Ms. Sparky Allen
OK, I’m going to say it: I have always thought of the Republican Party to be made up of two kinds of people: the rich and the ignorant. That’s kind of harsh of me to say, but for the most part, I think it’s true. The ignorant are swayed by repetition in the media of stories and advertisements, which leads the masses to lean the way the rich want. I lean left but have generally been independent my entire voting life; I vote for the most qualified person. I learned an important lesson last election cycle when I tried to vote in a primary as a non-partisan. I was allowed no say in who ran for Senate. “Non-partisan” had no one running for Senate. I was only allowed to vote for a couple of county officers like school commissioner and local sheriff. Anyone with a brain and a TV knew how contentious the vote for Senate was in our state last year, and yet because I was neither a Republican nor Democrat, I basically had no say.
I like Ron Paul and what he says about liberty and freedom. I like his anti-war stance and his views on many issues that need to be addressed as our country is plunged into this recession (not supposed to say depression). I think we are plunging off an economic cliff that no one wants to fix or does not know how. I know Ron Paul is not a very charismatic, but I think he would be the strongest and most able to save this sinking ship called America. So I have had to become one of the ignorant and am now a member of the Republican Party, which is the only way I will ever get a chance to vote for Ron Paul. If you like Ron Paul and think he would be a good president, too, then I ask you to join the masses of the ignorant or the rich, and go to your county registrar of voters and change whatever party affiliation you may have to become Republican and have your one and only shot of voting for a smart, dedicated liberty-minded individual.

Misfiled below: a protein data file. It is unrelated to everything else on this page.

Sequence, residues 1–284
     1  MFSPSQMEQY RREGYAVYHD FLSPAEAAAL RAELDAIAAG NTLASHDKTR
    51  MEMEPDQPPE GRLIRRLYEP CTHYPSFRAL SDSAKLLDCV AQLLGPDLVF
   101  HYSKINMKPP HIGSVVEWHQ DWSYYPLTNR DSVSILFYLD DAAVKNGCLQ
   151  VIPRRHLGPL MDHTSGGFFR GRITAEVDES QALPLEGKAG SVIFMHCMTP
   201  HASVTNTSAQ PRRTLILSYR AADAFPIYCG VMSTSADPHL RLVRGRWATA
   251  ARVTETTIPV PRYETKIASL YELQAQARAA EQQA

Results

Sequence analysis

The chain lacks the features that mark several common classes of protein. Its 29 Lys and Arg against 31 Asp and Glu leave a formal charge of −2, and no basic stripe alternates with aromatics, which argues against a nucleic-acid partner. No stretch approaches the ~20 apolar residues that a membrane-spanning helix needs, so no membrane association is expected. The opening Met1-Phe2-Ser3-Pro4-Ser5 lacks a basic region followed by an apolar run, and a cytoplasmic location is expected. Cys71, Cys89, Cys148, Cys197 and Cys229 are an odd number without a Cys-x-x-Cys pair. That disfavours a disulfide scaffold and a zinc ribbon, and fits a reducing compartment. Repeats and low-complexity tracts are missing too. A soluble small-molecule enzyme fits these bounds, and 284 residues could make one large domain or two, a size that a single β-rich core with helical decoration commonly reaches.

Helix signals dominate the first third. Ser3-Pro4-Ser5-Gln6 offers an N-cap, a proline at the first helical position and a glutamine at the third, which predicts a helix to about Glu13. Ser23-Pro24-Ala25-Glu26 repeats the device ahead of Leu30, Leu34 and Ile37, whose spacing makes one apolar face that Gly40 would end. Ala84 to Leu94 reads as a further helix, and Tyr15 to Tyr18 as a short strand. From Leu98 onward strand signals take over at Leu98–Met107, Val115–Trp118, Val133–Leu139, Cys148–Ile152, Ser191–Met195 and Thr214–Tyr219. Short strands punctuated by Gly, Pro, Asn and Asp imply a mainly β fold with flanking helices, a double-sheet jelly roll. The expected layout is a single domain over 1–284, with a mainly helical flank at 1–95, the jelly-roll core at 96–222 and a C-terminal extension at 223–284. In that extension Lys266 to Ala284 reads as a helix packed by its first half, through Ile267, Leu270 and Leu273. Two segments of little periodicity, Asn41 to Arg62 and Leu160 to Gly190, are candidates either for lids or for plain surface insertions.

America is at desperate straits, and we need an individual and not a talking head like our president. We need someone without a party line. We need to be able to pick someone who will fix these problems, not create them and blame the other, which seems to be the case. Since neither party seems able to get along well, I’m sure Ron Paul is strong enough to run roughshod over the whole corrupt bunch.
Get your hands on any of Ron Paul’s books and tell me he shouldn’t be our next president. Our country is in a big a crisis, and we need a strong leader. He may not look it, but Ron Paul is your man. I believe this so strongly, I became a Republican, and to me that’s like becoming a zombie.
Re “The new anti-Semitism” (Feature story, Sept. 1):
Your feature story by Dennis Myers was well written and, with no apologies to Fox News, fair and balanced. As a Republican reading your paper, I often fall prey to the divisiveness that has become our political dialogue, manifested in my looking for flaws in articles written by “the other side.” This feature was well rounded in showing the failure of both Republican and Democrat leaders in portraying the teachings of Islam in an accurate light. The author listed favorable acts by George W and missteps by Hillary and Bill while showing numerous Republican’s misguided acts and examples of progressive or Democrat’s stepping up for truth and vice-versa.
All in all, reading the full article gave a real sense of the history and problems facing us in discerning the teachings of Islam from the actions of misguided radical Muslims. The parallels with Jewish history are well described and is a wake up call to all Americans, and the world alike. Thank you for providing a platform for such a well written article. Few “news” outlets would have been so “fair and balanced.”